arithmetic progression

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arithmetic progression

n.
A sequence, such as the positive odd integers 1, 3, 5, 7, ... , in which each term after the first is formed by adding a constant to the preceding term.

arithmetic progression

n
(Mathematics) a sequence of numbers or quantities, each term of which differs from the succeeding term by a constant amount, such as 3,6,9,12. Compare geometric progression

arithmet′ic progres′sion


n.
a sequence in which each term is obtained by the addition of a constant number to the preceding term, as 1, 4, 7, 10, and 6, 1, −4, −9. Also called ar′ithmet′ic se′ries.

ar·ith·met·ic progression

(ăr′ĭth-mĕt′ĭk)
A sequence of numbers such as 1, 3, 5, 7, 9 ..., in which each term after the first is formed by adding a constant to the preceding number (in this case, 2). Compare geometric progression.

arithmetic progression

- A sequence in which each term is obtained by the addition of a constant number to the preceding term, as 1, 4, 7, 10, 13.
See also related terms for sequence.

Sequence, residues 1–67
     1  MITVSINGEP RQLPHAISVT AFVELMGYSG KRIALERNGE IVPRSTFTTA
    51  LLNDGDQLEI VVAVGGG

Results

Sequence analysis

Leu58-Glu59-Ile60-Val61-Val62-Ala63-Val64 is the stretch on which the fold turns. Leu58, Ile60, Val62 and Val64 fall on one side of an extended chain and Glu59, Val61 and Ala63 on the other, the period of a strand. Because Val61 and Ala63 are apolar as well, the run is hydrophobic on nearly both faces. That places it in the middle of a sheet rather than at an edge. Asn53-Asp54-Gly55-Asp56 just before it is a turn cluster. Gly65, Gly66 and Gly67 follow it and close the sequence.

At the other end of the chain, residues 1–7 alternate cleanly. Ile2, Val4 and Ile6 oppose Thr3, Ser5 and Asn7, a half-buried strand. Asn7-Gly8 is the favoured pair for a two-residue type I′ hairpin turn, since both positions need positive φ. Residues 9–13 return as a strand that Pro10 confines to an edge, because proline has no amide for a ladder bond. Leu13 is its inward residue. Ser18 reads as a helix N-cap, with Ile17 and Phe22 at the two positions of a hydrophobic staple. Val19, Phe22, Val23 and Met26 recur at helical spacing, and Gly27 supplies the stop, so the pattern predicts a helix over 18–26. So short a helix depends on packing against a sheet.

ThesaurusAntonymsRelated WordsSynonymsLegend:
Noun1.arithmetic progression - (mathematics) a progression in which a constant is added to each term in order to obtain the next termarithmetic progression - (mathematics) a progression in which a constant is added to each term in order to obtain the next term; "1-4-7-10-13- is the start of an arithmetic progression"
math, mathematics, maths - a science (or group of related sciences) dealing with the logic of quantity and shape and arrangement
patterned advance, progression - a series with a definite pattern of advance
References in periodicals archive ?
The juridical cumulation system is in fact the most widespread in contemporary laws, unlike the system of arithmetic series (or the system of adding the penalties) expressed by the Latin adage "quot delicta, tot poenae" or by the absorption system expressed by the adage "Major poena minorem absorbet".
The formula for finding the nth term of arithmetic progression, and the sum of the first n terms of Arithmetic series are available.
These books are part of the Teaching Arithmetic series and co-authored by Marilyn Burns.